[Note: Guest blogger Lloyd Smrkovski, who holds a doctorate in immunology, microbiology and parasitology and is a retired Naval officer, has offered to share his thoughts on travel safety and the importance of a comprehensive medical evacuation plan. “Who knows?” he writes, “If it saves just one life, it is a worthwhile endeavor.” His bio can be found below.]

By Lloyd L. Smrkovski, Commander, USN-retired

Okay, you are anxiously waiting to board your flight to Africa, the Arctic Circle, New Zealand, or some other exotic destination.  You are in possession of your passport, credit cards, prescription medications, and a good book to keep you occupied during your long flight.  You even bought “travel insurance.” Maybe. This begs the question, are you really prepared to meet any and all contingencies?  I’d bet the answer is an unqualified “NO”. 

Did you contact your medical insurance carrier to see if they provided any medical or evacuation coverage for the countries that you are visiting?  Did you get any vaccinations?  If so, did they include a tetanus booster and shots to prevent the various forms of Hepatitis?  How about the painless three-shot series for rabies? (Yes, the Kudu of Africa are reservoir-hosts for the virus that causes rabies.)  A vaccine for bacterial pneumonia would also be a wise choice, as would the vaccine for shingles.

Believe it or not, disease threats can come from some of the most unlikely places:  food prepared by individuals who have not passed stringent health standards, tiny ticks that are no bigger than the head of a pin, water from a lake/stream or swamp (wade in it or drink it at your own risk), a scratch or puncture wound from a thorn of a tree/bush, are but just a few of the examples of what waits for you.  Should you be concerned?  Yes, indeed. 

Most infectious disease threats can be avoided with a few common sense remedies, but not all.  Then it is up to you to take whatever precautionary measures possible.  Most preventive measures are simple and inexpensive; knowledge being by far the cheapest.  Unfortunately, most travelers don’t bother to prepare themselves adequately.  Thus, they are an accident just waiting to happen. 

No “prevention” program will protect everyone from every threat.  Thus, there is one last contingency plan that you can and should implement before you travel, and that is an emergency medical/evacuation plan.  Most of these plans, of which there are several, cost only a small fraction of what you will spend on your travels to your distant lands. 

The other issue is to understand fully what your medical/evacuation plan provides for and what are its exclusions.  Case-in-point:  When I started my travels to Africa in 2006, I enrolled in a medical evacuation plan from a company other than Global Rescue. This sort of plan was great for what it was designed to do, and that is to evacuate you from a hospital in which you find yourself after you are seriously injured or diseased, to the hospital of your choice, probably back home.  What it does not provide for is an evacuation from your immediate location in the jungle or your safari campsite.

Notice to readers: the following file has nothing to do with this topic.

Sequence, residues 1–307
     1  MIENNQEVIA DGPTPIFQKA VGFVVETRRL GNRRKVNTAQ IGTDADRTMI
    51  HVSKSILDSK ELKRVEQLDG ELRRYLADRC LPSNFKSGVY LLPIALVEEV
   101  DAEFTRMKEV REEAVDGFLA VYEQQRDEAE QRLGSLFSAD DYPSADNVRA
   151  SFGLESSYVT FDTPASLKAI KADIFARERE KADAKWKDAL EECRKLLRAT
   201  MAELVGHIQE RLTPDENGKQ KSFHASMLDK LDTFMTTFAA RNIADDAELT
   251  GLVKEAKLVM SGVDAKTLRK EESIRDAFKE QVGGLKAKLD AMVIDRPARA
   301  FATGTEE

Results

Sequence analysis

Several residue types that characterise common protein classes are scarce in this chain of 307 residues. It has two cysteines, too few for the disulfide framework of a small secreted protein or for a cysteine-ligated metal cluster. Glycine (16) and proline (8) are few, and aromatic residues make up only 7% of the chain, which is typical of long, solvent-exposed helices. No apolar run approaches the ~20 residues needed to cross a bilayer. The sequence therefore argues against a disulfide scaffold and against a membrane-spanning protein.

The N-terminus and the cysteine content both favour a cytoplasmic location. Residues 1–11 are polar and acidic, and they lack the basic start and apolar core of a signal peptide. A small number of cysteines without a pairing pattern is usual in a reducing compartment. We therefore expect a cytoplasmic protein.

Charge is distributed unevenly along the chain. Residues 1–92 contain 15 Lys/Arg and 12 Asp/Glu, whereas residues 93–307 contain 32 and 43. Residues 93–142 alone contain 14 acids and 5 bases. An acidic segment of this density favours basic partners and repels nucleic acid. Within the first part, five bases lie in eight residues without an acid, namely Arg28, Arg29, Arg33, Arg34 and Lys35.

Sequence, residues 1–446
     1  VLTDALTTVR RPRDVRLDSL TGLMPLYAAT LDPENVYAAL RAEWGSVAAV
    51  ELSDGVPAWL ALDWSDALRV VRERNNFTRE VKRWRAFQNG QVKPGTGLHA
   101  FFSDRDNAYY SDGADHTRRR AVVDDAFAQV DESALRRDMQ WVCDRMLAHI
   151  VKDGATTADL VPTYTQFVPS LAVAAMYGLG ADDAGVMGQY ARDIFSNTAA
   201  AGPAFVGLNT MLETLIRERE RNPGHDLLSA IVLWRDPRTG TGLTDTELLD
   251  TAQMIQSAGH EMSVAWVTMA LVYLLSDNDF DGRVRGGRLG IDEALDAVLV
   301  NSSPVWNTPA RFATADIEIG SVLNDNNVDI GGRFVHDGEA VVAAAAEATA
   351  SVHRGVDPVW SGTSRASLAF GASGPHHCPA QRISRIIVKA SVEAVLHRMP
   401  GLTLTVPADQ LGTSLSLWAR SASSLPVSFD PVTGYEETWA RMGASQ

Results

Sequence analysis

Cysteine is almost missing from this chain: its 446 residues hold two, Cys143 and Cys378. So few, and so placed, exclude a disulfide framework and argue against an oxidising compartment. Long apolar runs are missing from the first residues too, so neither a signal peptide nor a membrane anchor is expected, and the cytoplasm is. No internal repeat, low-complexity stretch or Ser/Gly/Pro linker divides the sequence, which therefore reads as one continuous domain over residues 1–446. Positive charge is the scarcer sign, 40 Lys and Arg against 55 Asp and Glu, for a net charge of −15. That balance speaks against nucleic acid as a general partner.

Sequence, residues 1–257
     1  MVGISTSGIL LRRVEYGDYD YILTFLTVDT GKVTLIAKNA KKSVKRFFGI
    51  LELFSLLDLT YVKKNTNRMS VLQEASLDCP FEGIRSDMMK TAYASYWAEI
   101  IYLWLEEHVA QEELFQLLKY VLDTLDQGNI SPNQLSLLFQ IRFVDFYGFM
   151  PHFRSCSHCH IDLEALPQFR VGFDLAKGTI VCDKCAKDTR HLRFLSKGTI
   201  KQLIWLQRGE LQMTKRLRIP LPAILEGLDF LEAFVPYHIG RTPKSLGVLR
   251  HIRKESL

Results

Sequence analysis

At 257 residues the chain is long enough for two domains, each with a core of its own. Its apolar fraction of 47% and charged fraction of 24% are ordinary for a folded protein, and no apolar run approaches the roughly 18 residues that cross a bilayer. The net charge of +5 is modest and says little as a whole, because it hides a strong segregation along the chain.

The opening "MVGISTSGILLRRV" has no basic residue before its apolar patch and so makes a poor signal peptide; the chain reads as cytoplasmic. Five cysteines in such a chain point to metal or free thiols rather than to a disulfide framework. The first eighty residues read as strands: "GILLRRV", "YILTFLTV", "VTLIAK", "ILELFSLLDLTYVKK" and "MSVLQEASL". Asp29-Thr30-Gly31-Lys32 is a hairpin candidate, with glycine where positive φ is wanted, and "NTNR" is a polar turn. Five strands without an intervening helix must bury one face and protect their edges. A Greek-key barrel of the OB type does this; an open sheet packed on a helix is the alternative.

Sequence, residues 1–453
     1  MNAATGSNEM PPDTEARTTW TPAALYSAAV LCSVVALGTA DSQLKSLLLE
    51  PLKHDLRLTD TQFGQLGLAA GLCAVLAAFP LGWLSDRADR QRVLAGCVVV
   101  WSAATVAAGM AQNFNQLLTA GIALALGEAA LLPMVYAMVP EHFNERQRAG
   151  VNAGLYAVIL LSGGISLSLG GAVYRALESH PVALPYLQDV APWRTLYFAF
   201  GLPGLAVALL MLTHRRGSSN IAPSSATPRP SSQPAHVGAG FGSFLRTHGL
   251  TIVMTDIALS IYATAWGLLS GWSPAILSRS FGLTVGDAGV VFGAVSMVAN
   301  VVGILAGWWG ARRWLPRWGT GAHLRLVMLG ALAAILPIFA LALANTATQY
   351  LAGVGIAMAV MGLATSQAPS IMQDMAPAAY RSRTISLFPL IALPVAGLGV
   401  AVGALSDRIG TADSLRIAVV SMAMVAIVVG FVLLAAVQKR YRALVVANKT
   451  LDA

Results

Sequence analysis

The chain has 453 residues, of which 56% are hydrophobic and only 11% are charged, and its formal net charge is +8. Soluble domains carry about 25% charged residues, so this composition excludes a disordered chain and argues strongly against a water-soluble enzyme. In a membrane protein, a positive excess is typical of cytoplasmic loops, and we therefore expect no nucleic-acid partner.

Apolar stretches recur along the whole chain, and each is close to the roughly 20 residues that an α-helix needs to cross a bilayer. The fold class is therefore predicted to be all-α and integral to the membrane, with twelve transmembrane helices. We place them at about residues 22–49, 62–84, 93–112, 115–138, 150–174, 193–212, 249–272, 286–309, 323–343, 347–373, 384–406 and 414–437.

Well, after I started doing “dangerous game” hunts, I decided that I needed additional coverage for an actual evacuation from the field — as in, from the site of injury or illness, which is especially necessary in remote locations, unable to be safely removed to an area hospital. And that is assuming one even exists, which could be a full day’s drive away. 

For this type of coverage, I put my trust in Global Rescue. For a few hundred dollars in annual membership fees, they provide immediate medical advisory services, as well as an evacuation to the nearest medical facility and on to your hospital of choice once you are medically capable of continued travel. 

Since Global Rescue provides every service that its competitors provide, and much more, I have elected to drop the former coverage and go full-time with Global Rescue.  It’s a service that I hope I never need, but with it, I feel confident that my travels back to Africa and elsewhere will be less worrisome, and if stricken with injury or disease, I know that they will be there to assist me.  I trust my life with Global Rescue and no one else. 


About the author:

Lloyd Smrkovski is a retired U.S. Naval Commander, who served over 22 years in uniform.

At the age of 18 he began his military career in the United States Air Force where he worked as a Russian Communications Intercept operator, with tours in Japan, the U.S and elsewhere. He earned a Bachelor’s degree in Biology and Sociology and a Masters degree in Science Education and Guidance Psychology from Winona State University in Minnesota. Later, he was awarded a National Institutes of Health graduate studies Fellowship from the University of Montana, Missoula, where he completed a doctorate  in the fields of immunology, microbiology and parasitology.

Dr. Smrkovski subsequently worked as a Forensic Scientist for the Michigan Department of State Police, and in 1976 he was offered an Officer’s Commission in the United States Navy. He spent the next 16 years engaged in tropical medicine research and the gathering of medical intelligence data for the Navy. During that time he served overseas tours in the Philippines, Panama and elsewhere. While stationed in the U.S. he served at the Naval Medical Research Institute in Bethesda, MD and at the Armed Forces Institute of Pathology, in Washington, D.C. 

Commander Smrkovski also spent a great deal of time in such countries as Indonesia, Malaysia, Thailand, Turkey, Iran, and most countries in Central America.  He is a certified expert in “Jungle Survival” techniques. Besides enjoying his new granddaughter, Lindsey, he spends at least a month or more each year on safari in Africa as well as big game hunts on other continents.